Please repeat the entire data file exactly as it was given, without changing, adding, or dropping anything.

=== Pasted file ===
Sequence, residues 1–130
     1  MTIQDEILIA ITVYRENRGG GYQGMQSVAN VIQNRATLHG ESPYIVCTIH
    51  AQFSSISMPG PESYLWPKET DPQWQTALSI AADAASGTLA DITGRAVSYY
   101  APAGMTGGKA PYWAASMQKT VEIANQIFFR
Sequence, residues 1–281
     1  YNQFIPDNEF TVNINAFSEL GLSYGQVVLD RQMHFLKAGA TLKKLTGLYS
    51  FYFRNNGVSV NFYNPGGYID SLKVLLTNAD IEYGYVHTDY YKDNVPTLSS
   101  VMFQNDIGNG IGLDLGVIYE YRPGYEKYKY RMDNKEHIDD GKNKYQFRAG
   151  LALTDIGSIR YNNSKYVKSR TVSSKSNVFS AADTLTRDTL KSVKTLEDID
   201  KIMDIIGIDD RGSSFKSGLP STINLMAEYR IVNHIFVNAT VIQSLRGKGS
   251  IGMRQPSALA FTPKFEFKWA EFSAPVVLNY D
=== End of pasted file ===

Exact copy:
Sequence, residues 1–130
     1  MTIQDEILIA ITVYRENRGG GYQGMQSVAN VIQNRATLHG ESPYIVCTIH
    51  AQFSSISMPG PESYLWPKET DPQWQTALSI AADAASGTLA DITGRAVSYY
   101  APAGMTGGKA PYWAASMQKT VEIANQIFFR
Sequence, residues 1–281
     1  YNQFIPDNEF TVNINAFSEL GLSYGQVVLD RQMHFLKAGA TLKKLTGLYS
    51  FYFRNNGVSV NFYNPGGYID SLKVLLTNAD IEYGYVHTDY YKDNVPTLSS
   101  VMFQNDIGNG IGLDLGVIYE YRPGYEKYKY RMDNKEHIDD GKNKYQFRAG
   151  LALTDIGSIR YNNSKYVKSR TVSSKSNVFS AADTLTRDTL KSVKTLEDID
   201  KIMDIIGIDD RGSSFKSGLP STINLMAEYR IVNHIFVNAT VIQSLRGKGS
   251  IGMRQPSALA FTPKFEFKWA EFSAPVVLNY D